my sticky innards beached and caked with grit
frightened, squeamishly wriggling
while silence screams lies in my ear

and someone makes a remark, which
leads to a thought, which
leads to a smile, and
I give a laughing retort.

I sparkle and shine when everything
lies in pieces around me
and without a tiny tap on the funny bone
I may expire.


Sparkle and Shine

knows me
like my siblings do
we share our first

the waste of all which
has since been
a hidden ember glows, and
sometimes when we speak
we are one again, unchanged
though age has bent us

and familiarity
sends a spark from the
ancient fire of childhood
setting us aflame with merriment
it is then that we shine
we turn dark into light
we sparkle and
we shine

Written for Calen’s Sandbox Challenge

©Jane Paterson Basil


Mum told me I could do anything I wanted to do, be anything I wanted to be. All I needed to do was try. So I decided I’d be a mountaineer. Sissy said: You can’t do that. I told her mum said I could. I practised on a cliff when we went to the beach one time, but I fell off it and broke my arm.

After that I didn’t like mountaineering.

My friends at school wanted to be teachers or hairdressers, or marry someone rich so’s they didn’t have to do anything, just sit around in a big house and eat chocolate all day. But since I broke my arm, I didn’t know what I wanted to do when I grew up.

One day my teacher told me my paintings were different, so I thought I’d like to be an artist. Famous paintings are always different. That’s what makes them famous. And artists don’t have to do any writing. I’m not very good at writing.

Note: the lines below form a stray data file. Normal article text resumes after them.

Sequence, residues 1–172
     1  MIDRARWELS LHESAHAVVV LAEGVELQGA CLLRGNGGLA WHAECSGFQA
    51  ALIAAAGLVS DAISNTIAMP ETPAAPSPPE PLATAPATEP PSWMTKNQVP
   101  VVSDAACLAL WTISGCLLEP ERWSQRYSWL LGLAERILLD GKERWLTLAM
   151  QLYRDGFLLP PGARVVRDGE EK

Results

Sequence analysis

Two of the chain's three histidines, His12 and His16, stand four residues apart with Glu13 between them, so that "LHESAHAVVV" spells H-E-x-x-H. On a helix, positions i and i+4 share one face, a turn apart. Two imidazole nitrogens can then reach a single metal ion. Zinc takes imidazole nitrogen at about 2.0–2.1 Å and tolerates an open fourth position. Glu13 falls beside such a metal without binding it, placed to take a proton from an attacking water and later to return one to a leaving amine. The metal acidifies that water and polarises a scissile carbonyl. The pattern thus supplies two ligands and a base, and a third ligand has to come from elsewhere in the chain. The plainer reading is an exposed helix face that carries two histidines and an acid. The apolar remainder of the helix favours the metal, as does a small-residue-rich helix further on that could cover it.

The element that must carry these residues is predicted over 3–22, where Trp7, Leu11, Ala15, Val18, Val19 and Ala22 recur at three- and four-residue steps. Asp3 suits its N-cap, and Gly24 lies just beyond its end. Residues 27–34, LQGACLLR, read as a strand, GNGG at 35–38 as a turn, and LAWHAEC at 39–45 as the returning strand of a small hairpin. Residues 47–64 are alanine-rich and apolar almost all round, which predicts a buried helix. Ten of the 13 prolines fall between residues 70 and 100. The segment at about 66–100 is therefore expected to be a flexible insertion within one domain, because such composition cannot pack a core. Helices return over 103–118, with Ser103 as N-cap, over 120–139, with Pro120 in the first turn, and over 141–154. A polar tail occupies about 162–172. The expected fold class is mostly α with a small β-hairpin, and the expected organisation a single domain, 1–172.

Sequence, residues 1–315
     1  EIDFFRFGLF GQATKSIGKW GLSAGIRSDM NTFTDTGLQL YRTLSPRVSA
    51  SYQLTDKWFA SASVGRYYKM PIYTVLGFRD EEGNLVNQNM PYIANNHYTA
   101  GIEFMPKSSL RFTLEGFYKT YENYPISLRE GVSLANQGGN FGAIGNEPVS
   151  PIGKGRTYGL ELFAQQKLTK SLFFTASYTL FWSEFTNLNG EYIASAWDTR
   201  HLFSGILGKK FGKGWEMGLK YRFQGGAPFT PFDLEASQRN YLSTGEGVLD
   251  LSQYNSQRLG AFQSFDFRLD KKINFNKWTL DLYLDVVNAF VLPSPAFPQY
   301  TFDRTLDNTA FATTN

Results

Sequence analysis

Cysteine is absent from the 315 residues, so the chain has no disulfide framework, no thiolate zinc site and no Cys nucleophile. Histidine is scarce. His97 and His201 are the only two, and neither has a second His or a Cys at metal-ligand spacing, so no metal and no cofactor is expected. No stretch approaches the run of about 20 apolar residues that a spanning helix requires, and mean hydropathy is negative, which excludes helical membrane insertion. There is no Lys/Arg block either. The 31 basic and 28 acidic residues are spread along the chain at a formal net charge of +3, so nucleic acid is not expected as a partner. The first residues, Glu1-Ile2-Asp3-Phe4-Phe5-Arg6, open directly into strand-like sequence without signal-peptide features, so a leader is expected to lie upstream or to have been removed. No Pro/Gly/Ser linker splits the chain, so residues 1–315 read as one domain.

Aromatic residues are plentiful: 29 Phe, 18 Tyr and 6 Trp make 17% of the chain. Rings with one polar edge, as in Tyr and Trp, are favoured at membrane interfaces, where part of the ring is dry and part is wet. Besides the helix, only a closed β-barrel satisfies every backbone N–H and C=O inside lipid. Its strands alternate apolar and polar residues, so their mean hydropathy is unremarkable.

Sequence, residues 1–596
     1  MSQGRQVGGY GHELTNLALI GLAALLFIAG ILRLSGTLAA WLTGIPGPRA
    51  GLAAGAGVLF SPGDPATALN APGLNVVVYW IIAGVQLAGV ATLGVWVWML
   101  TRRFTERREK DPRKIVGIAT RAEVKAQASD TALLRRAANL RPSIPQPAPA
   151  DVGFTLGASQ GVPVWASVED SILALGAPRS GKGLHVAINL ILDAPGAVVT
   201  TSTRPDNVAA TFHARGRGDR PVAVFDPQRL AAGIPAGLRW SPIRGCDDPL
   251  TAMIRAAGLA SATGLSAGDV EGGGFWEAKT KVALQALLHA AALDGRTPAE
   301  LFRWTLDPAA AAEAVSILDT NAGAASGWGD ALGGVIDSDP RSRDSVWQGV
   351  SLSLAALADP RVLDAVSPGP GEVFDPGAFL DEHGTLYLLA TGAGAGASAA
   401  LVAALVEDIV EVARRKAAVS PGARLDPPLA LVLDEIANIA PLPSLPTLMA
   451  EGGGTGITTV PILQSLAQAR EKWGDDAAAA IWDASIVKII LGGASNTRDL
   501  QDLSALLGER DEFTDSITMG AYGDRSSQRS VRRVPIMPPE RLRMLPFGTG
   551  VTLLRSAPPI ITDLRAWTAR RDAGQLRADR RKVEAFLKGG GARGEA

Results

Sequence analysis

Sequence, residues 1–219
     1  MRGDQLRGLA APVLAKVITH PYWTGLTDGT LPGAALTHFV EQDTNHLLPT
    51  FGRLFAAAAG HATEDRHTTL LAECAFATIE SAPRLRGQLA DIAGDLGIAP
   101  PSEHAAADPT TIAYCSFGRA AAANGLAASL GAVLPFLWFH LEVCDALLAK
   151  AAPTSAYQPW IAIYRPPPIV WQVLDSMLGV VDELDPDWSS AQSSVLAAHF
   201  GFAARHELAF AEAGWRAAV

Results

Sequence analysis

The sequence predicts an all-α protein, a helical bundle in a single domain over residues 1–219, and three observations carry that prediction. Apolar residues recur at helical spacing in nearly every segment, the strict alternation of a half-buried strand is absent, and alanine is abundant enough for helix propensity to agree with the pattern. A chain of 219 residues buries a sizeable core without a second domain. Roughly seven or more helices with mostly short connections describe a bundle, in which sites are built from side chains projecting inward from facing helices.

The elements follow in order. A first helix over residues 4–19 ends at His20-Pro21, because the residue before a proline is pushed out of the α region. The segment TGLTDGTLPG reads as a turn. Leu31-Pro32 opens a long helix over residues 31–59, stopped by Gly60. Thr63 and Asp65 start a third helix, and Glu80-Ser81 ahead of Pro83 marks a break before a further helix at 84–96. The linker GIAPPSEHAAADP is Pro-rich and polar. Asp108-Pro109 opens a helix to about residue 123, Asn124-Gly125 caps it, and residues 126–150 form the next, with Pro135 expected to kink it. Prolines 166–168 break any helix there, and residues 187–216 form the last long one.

My mum gave me acrylic paints for my birthday, so’s I could practice and get really good at painting. She even got me proper canvases stretched over frames, and an easel. I put it up in the bedroom, near the window, to do a picture of the junk shop across the road.

Sissy came into the room. She looked at the picture. You’ll never be an artist, she said. She grabbed it off of the easel. I think I’ll chuck it in the bin, she said. While I was trying to get it off her, I knocked my palette, and it landed on the floor, upside down. She got on my bed, then climbed onto my chest of drawers, and stood there holding my painting away from her, between her finger and thumb, like it smelled bad. Then she sort of whizzed it away from her, across the room, saying: Catch!

It landed near the window and the paint stuck to the carpet.

You did that on purpose, I said.

Suddenly dad was in the room, yelling at us to shut up, filling my nose with his dirty smell of cheap cider and cigarettes. He was angry about the mess.

An artist! You’ll never amount to anything, he said.

He took my paints away. For a long time after that I didn’t think about what I would be when I grew up.

My dad may not have thought much of me, but the boys at school did. I reckoned I should make the most of it, before they noticed I wasn’t worth the bother.

I’m in the assembly hall, bent over my biology GCSE paper, and I don’t understand most of the questions, but it doesn’t matter, because I’m grown up now, and I know what I’m going to do.

As I put my pen down, and stand up to file out of the room, I feel the first tiny flutterings inside my swollen womb.

© Jane Paterson Basil


My mother was on the rant again. I suppose I shouldn’t have been baiting her, but any conversation we had ended up this way, so I thought I may as well get some entertainment out of it.